Date: 2/9/18 4:01 pm From: Robert O'Brien <baro...> Subject: [obol] Re: More (detailed) Crossbill Info and Questions
Well, I just got a tip on how both these species perched on the same
The photographer set up the branch along a roadside where crossbills were
for salt. A clever form of chumming I guess, wherein the chum doesn't show
On Fri, Feb 9, 2018 at 12:17 PM, Robert O'Brien <baro...> wrote:
> I hadn't decided whether to post all the stuff below, given the possible
> waning interest in the Oregon *Crossbills of the Century* invasion,
> starting late last year. (only 17+ years so far though). But with
> yesterday's great observations and photos by Philip Kline (
> https://ebird.org/view/checklist/S42595651 ) I'll go ahead.
> There are a couple interesting images on the attached jpg that is scanned
> from hardcopies of the AOU's life histories Birds of North America (1996).
> 1. Note the two perched species are on exactly the same twig in these 2
> separate accounts. Look familiar?
> 2. WW Crossbill is reported to have had a breeding outpost in the
> 3. Check out the Oregon Breeding Bird Atlas to the right.
> So, I contacted the author of the WW Crossbill life history. He was
> likely a grad student at the time of his original observations (1996) in
> the Cascades.
> 1996 was awhile ago and he has been Distinguished Chair in Ecology,
> University of Wyoming, for quite awhile now ( http://www.uwyo.edu/benkman/ > people.html ) . So, it's not surprising that in short order he sent me
> his notes from 29 years ago about this WW Crossbill 'colony'.
> *I saw the white-wings on 23-25 July 1989 in the Cultus Lake area,
> Deschutes NF. There were 15-20 of them doing a lot of singing and giving
> flight songs indicative that they were about to nest. They were especially
> common in an area of mature Engelmann spruce that was producing a large
> cone crop. I got the impression that they had recently arrived and over the
> time I was there they seemed to increase. Although I didn’t see nest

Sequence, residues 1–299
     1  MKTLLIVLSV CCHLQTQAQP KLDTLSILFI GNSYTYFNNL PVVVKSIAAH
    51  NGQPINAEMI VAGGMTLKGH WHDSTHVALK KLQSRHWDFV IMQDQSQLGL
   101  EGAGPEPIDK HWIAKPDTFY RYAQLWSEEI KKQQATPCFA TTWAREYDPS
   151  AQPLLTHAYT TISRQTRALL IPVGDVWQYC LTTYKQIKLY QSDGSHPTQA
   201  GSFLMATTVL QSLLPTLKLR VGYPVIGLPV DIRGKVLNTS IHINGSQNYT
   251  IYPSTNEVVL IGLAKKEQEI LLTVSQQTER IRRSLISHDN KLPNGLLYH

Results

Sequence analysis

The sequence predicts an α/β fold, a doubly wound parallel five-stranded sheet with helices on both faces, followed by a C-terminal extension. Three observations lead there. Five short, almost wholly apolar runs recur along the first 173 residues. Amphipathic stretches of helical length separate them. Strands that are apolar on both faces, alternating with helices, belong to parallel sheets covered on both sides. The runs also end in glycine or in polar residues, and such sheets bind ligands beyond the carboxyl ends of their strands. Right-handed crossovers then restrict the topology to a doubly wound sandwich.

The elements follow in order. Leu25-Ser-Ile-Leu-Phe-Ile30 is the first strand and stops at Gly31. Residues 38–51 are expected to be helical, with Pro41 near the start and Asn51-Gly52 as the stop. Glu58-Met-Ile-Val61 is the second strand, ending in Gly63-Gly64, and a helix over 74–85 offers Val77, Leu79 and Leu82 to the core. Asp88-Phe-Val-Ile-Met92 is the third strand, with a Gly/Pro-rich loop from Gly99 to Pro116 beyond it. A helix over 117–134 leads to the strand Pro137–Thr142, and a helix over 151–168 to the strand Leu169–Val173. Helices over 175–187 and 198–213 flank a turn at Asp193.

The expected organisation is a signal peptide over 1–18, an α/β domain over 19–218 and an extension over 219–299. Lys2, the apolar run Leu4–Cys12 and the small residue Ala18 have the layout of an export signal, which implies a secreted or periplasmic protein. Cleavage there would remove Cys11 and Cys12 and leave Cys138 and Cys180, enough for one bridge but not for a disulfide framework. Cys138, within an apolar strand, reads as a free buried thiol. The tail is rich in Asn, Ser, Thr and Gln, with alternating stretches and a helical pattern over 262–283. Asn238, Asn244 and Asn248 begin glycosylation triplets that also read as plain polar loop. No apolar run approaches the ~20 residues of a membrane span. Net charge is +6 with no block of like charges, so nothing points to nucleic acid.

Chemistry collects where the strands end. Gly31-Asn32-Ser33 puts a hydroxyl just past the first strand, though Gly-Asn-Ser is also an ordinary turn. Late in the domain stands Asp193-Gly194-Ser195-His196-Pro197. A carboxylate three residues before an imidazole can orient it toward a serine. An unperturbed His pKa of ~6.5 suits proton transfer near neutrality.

> building, based on a fair amount of time observing breeding white-wings
> (between 1982 and the spring of 1989) I am virtually certain they would
> soon be building nests.*
> He has continued to publish many articles on crossbills.
> His unrelated observations were not picked up in the fabulous Oregon
> Breeding Bird Atlas (Paul Adamus, primary author) of about the same
> period. The atlas map suggests possible breeding though in the NE Oregon
> Mtns based upon the few suggestive observations.
> So, this is ancient history, what does it mean today?
> 1. Crossbills are known to breed wherever they find themselves, any month
> of the year, given an adequate local food supply. (For instance, his
> Cascades observations and some in the BB Atlas). But, year-round breeding
> only occurs south of us. More northern breeding seems to be dependent upon
> day-length: greater than 10.5 hours. This will occur in about a week.
> 2. And, it's not just WW Crossbills. We have had several Red Crossbill *call
> variants* this winter. Farther south (Arizona) there have been 2 or 3 or
> more call variants in the same
> flying flock. Like Dave Lauten, I've always put these variants on the
> back burner and been rather skeptical, but I now have to admit 'it's for
> real'. And it isn't a recent observation/theory. But, will these
> variants return to some ancestral breeding location, or will they breed in
> This is a once in a lifetime (Crossbill lifetime, that is) chance to find
> out. So, I'd encourage OBOLers (like Philip Kline) to continue to monitor
> coastal (or valley) crossbills for breeding. This is not an easy thing to
> do for WWs, given the reports in the Oregon BB Atlas, *and recording
> their calls would be imperative. *Doug Robinson has posted that he will
> be willing to identify recorded calls of Crossbills (Red or WW), so that
> makes it much easier. *Send them to Doug.* As Doug says, even cellphone
> recordings will work. And, if some OBOL birders can find a breeding
> colony, even if it's the local coast variant, it would be very interesting.
> Could there be a misplaced call variant in the breeding colony? That would
> introduce a fly into the ointment, for sure.
> Bob OBrien Carver OR (where I have only seen/heard crossbills once in
> many decades, and then just for an hour or so in late-summer, mature, loud,
> cone-popping Austrian Black Pines. They must
> not have liked this local abundance since they moved on, much to my dismay.